Was Trump’s No. 1 Black Fan Strategically Placed Behind Him At Rally?

If you watched Trump’s Phoenix Arizona rally this week, or if you caught a clip of the rally on the news, you saw a man behind President Trump holding a sign saying “Blacks for Trump.” You might have caught a glimpse of a woman sporting bright red lipstick in one of Trump’s red baseball caps on his left who appeared to be lip syncing along with the president from time to time. So who are these backup players, and where did they come from?

They are interesting to watch, with everyone who was seated behind Trump seemingly very animated, like a meter jumping to Trump’s talking points. As the Daily Beast reports, “Trump’s No. 1 black fan” was a topic on The Daily Show. The show did a segment on Trump’s rally about the man on Trump’s right behind him at the rally holding the “Blacks for Trump” sign.

Roy Wood Jr., a correspondent on The Daily Show, had a few things to say about Trump at his rally, but the man behind him holding that sign was what he concentration on. Wood described Trump’s rallies as being more like “rap videos,” where you don’t listen to the lyrics, you just watch the “backup dancers.”

Wood used a bit of comedy in his commentary when saying, “Look at this brother, look at this negro. He got a perm and a ponytail. It’s too much. Look at his sign. Everybody else had pre-printed signs. You know why he wrote ‘Blacks for Trump’ by hand? That’s because the minimum order is a hundred.”


Wood, who Variety Magazine labeled one of 10 comics to watch in 2016, honed in on Maurice Symonette (aka “Michael the Black Man”), who stood behind Trump at the rally holding that sign. As with anything having to do with Trump, it didn’t take long for Symonette to be pulled apart by the mainstream media following that rally.

Someone somewhere researched where he came from, and a treasure trove of hair-raising information was found, which Wood had a bit of a field day with. You can see in the video below just how animated this man was at the Trump rally. He stole the show a few times as Trump riled up the rally.


Symonette once belonged to a cult, and he beat two murder raps during that era of his life. He also beat four felony raps that ranged from boosting cars to concealed weapons charges.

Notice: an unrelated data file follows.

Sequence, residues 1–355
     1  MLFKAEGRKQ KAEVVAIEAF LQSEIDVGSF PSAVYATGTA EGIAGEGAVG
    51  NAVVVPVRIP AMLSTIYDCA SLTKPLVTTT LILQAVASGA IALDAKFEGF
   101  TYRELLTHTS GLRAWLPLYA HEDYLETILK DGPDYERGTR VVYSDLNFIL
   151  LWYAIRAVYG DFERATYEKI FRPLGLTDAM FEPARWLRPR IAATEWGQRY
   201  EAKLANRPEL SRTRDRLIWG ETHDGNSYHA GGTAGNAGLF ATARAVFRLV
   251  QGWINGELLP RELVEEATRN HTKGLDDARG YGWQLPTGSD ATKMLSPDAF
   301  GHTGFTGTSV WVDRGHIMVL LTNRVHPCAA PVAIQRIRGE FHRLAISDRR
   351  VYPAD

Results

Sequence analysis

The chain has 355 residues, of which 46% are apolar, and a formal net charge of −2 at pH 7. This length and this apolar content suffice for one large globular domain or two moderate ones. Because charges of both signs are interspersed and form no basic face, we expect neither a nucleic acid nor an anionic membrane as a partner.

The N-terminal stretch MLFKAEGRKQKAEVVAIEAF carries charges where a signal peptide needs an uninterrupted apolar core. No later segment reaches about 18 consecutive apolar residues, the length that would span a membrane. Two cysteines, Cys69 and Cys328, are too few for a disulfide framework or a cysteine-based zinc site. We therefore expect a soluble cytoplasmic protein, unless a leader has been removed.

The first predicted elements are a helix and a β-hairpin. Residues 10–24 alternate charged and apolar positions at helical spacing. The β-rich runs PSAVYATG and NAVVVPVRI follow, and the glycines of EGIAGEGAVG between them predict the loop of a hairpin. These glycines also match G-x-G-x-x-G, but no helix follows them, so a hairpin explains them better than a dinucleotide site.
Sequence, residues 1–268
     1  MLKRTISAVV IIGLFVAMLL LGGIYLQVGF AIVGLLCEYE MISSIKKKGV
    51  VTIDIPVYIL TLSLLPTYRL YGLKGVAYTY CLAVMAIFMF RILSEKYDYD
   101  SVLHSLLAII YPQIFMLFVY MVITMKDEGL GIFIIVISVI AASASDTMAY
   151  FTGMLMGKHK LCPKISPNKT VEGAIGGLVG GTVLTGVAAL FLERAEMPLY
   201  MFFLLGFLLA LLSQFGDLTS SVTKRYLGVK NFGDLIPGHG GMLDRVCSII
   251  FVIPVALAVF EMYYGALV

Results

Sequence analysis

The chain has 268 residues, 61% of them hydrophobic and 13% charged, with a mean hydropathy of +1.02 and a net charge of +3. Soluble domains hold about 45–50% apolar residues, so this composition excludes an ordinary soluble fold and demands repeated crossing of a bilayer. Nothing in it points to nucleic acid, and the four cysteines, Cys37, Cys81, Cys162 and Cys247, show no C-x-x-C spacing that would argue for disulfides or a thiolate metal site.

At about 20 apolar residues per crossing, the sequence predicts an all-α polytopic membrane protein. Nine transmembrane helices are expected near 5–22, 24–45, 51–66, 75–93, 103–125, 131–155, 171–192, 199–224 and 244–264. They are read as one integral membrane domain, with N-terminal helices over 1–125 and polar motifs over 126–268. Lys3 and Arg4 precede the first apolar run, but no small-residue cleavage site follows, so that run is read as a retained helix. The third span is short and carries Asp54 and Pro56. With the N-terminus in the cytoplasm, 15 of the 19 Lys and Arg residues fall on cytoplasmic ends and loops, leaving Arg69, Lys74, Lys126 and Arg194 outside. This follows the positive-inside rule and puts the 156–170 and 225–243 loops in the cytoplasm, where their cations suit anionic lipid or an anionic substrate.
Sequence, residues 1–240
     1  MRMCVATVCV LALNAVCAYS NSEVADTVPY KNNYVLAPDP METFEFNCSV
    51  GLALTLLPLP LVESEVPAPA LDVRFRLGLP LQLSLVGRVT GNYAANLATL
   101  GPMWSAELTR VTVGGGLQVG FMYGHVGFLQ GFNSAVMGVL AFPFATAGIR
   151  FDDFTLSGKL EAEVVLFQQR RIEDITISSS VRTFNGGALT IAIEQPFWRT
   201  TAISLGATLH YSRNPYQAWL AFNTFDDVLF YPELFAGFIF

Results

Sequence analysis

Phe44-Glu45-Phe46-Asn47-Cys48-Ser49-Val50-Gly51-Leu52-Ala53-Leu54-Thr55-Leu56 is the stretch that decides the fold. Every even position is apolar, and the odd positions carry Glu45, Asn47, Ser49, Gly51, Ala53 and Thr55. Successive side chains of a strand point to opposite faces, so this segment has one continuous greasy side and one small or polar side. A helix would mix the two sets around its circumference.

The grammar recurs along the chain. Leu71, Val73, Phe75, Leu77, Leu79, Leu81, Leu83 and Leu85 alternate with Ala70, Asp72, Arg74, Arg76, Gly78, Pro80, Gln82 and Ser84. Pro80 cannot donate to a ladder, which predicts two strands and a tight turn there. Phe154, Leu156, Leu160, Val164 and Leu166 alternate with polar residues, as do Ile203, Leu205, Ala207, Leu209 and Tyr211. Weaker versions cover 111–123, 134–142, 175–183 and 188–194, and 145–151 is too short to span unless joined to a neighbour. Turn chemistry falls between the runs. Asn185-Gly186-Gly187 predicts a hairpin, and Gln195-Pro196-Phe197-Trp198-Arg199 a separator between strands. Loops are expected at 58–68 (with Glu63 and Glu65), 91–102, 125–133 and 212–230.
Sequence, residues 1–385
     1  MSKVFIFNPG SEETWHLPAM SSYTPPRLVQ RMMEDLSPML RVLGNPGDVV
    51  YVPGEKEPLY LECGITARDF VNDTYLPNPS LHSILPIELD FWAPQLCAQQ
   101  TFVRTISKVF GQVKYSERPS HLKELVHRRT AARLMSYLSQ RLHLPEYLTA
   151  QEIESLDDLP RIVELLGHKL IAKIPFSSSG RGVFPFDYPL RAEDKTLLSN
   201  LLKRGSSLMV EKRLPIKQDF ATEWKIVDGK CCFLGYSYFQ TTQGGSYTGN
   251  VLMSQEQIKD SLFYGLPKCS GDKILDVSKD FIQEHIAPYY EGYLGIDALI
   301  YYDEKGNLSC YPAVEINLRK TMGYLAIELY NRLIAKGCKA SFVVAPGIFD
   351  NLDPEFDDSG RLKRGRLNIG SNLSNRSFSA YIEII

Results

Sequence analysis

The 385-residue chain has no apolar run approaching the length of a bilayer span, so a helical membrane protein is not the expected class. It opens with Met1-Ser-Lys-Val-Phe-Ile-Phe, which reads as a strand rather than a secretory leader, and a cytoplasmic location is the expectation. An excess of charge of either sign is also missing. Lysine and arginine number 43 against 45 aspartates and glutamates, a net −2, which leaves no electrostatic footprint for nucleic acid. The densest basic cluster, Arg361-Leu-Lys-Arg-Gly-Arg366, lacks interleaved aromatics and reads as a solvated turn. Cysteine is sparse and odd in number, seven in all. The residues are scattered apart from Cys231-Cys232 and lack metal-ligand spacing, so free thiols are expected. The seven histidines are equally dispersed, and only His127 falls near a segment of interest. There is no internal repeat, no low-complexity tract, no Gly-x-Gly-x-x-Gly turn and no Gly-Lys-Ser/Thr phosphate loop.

The cult in which Symonette joined was associated with murders and even a decapitation. But Woods lessened the blow when it came to “Michael the Black Man.”

Wood said, “Don’t freak out about it. He wasn’t accused of beheading anybody…though he was accused of gouging a dude’s eye out with a stick. But he was acquitted!. It was the ’90s, sh-t was crazy. Hammer pants, cocaine, everybody had a stick in the ’90s.”

Wood implied that Symonette was placed behind Trump and while he delivered his thoughts in a burst of laughter-arousing words, he echoed what others were wondering once getting a glimpse of the black man with a sign. Wood gave his impression on how Symonette was picked as one of the backup dancers for Trump at the rally.

Wood said, “Honestly, this whole thing made me feel bad for Donald Trump. He’s so desperate to have a black supporter he’s just grabbin’ anybody. He’s outside the rally: ‘You, with the stick, put your perm in a ponytail and get up here!'”

Is this how Symonette got that prime seat where he would be seen on TV the entire time the rally went on? When asked if he was put there, Symonette said “I put myself there,” according to the New York Daily News. He did add that they’ve seen him “a lot of times,” as he’s become somewhat of a fixture at these rallies.


According to the Washington Post, Symonette told a radio station that he was the sixth person in line to get into this rally. He arrived at the line at 8 a.m. “Michael the Black Man” was seen in Florida last month when he posted a video of himself at the Mar-a-Lago Club. He posed with the GOP chairman and “recorded a selfie video.” In that video, he had his arm “slung over the shoulder” of Governor Rick Scott from Florida.

Who is supporting all these trips for this man? No one seems to know. He’s been seen promoting Trump at the inauguration and even at the Super Bowl, according to the Washington Post. While no one is taking credit for strategically planting the backup fans for Trump at these rallies, the question continues, are people just allowed to take their place on camera behind Trump? The woman in the black shirt sporting a trump cap kept getting up and down, inching closer to Trump at that rally.

She was very animated, mouthing Trump’s words and making hand gestures of pointing down or up depending on what Trump was promoting or putting down. Who is she? Was she another person who just happened to get in line earlier than the rest and making her way to sit behind Trump on her own?

[Featured Image by Rick Scuteri/AP Images]